The Washington Post

Despite genetic tests and new technology, learning to embrace the unexpected

23andMe kit (Rubenstein Communications, Inc.)

One note came from a company that has created a new personally-administered genetic test intended for women planning to get pregnant. Called 23andMe, it’s an at-home kit that tests the likelihood of passing on certain genetic disorders.

Physicians use this kind of testing in a limited way, usually when there’s reason to suspect an issue.

23andMe is part of a tidal wave of biotechnology allowing us to learn more about our health prospects and the prospects of our children. Though some of the technology raises ethical questions, most of the advancements are just that — advancements.

“Knowing this information before you are pregnant, we believe, will make you better prepared when you are pregnant,” 23andMe founder Anne Wojcicki wrote.

(Harper Collins)

Case in point was the second note I received about a new book called “Bloom: Finding Beauty in the Unexpected.”

The book by Kelle Hampton is a memoir and will be released this month by William Morrow.

During her pregnancy, Hampton underwent prenatal tests, which showed no signs for concern. So she was wholly unprepared when she saw her baby for the first time.

“I knew the minute I saw her that she had Down syndrome and nobody else knew it. I held her and cried. Cried and panned the room to meet eyes with anyone who would tell me she didn’t have it. I held her and looked at her like she wasn’t my baby and tried to take it in. All I can remember of these moments is her face. I will never forget my daughter in my arms, opening her eyes over and over … she locked eyes with mine and stared … bore holes into my soul.

Love me. Love me. I’m not what you expected, but oh, please love me.”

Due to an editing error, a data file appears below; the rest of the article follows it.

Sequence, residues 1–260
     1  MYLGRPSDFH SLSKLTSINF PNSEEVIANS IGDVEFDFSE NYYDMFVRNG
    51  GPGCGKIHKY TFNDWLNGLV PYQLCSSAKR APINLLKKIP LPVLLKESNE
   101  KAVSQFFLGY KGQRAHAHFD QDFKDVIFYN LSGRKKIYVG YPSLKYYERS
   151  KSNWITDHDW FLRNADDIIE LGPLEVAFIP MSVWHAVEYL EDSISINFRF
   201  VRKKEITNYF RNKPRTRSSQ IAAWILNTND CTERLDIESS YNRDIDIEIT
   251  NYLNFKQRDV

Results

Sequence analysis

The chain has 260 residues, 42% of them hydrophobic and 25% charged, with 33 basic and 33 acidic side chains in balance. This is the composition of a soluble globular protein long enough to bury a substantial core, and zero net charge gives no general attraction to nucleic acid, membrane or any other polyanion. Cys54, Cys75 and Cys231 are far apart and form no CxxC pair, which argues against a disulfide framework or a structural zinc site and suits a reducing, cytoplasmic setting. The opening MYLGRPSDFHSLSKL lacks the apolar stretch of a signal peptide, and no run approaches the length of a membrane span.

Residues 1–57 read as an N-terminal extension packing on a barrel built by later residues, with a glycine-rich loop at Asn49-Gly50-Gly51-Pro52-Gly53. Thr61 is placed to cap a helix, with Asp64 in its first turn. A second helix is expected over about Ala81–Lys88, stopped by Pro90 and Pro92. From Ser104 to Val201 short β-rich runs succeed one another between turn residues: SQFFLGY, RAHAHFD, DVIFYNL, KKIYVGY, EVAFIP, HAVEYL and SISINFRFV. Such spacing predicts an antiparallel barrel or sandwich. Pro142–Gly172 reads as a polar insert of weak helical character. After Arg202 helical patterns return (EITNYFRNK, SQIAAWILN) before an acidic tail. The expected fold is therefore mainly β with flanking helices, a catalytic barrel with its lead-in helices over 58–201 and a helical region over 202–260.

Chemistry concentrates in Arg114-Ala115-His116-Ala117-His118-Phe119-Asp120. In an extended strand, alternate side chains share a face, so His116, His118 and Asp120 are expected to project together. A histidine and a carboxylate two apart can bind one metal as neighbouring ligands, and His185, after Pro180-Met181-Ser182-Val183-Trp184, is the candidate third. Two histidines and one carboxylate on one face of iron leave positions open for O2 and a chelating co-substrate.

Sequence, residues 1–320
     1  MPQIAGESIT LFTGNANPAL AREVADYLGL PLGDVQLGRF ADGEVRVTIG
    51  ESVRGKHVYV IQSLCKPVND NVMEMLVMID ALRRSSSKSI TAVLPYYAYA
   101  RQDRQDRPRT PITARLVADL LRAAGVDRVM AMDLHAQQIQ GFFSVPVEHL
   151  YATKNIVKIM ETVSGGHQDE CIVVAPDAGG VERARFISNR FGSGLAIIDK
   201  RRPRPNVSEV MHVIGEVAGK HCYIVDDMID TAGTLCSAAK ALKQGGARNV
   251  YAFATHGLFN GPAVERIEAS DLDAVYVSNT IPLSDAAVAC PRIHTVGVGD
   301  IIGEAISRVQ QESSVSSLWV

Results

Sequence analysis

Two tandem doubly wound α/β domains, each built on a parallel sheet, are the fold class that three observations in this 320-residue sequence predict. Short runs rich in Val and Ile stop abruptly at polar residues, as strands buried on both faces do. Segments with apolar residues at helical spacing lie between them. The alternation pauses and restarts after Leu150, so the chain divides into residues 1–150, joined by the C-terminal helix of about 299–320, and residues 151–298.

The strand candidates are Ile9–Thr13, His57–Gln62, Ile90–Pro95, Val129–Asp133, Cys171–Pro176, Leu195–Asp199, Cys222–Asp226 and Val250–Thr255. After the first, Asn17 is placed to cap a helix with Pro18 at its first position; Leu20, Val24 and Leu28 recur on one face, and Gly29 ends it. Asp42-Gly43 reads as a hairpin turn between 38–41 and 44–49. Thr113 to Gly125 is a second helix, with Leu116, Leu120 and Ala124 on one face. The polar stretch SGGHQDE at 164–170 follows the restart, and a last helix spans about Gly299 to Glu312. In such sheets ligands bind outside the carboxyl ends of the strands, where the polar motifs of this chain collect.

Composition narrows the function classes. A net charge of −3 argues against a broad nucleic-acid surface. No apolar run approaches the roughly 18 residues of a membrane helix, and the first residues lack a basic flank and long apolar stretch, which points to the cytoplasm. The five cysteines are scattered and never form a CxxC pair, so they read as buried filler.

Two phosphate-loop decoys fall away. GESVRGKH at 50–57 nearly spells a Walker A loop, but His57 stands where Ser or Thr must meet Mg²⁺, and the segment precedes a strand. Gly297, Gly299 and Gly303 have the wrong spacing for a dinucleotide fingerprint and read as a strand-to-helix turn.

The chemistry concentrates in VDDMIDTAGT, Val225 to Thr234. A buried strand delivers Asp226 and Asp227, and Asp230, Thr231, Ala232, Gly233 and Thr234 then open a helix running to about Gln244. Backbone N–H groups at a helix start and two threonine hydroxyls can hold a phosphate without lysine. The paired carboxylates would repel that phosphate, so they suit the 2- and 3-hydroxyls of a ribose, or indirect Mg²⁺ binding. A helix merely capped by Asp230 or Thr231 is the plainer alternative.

--From “Bloom” by Kelle Hampton

After I read that passage a few times, my eyes too wet to read it straight through once, I e-mailed Hampton through her publicist. I asked her what she hoped readers would take away from her book.

“Letting go of the expected isn’t a bad thing,” she wrote back.

“In doing so, we come closer to the realization that the greatest rewards in parenthood are felt when we accept our children just as they are…The bonus is that these lessons extend beyond parenthood.

“I’ve found in the last two years, through learning to let go of the expected and truly appreciate both of my children’s unique beauty and character, I am more embracing of others’ differences. I am more tolerant of challenges or times when events in my life don’t go as planned. And I am more appreciative of the things I value most — health, nature and time with family.”

What has surprised you most about your child? How has it affected your outlook?

Related Content:

Rick Santorum on prenatal tests: Can the future of pregnancy health care be stopped?

Understanding a Down syndrome diagnosis


Success! Check your inbox for details. You might also like:

Please enter a valid email address

See all newsletters

Show Comments
Most Read


Success! Check your inbox for details.

See all newsletters

Your Three. Videos curated for you.
Play Videos
Deaf banjo player teaches thousands
Unconventional warfare with a side of ale
It's in the details: Five ways to enhance your kitchen makeover
Play Videos
Drawing as an act of defiance
A fighter pilot helmet with 360 degrees of sky
Border collies: A 'mouse trap' for geese on the National Mall
Play Videos
Bao: The signature dish of San Francisco
This man's job is binge-watching for Netflix
What you need to know about Planned Parenthood
Play Videos
How to save and spend money at college
Pandas, from birth to milk to mom
Europe's migrant crisis, explained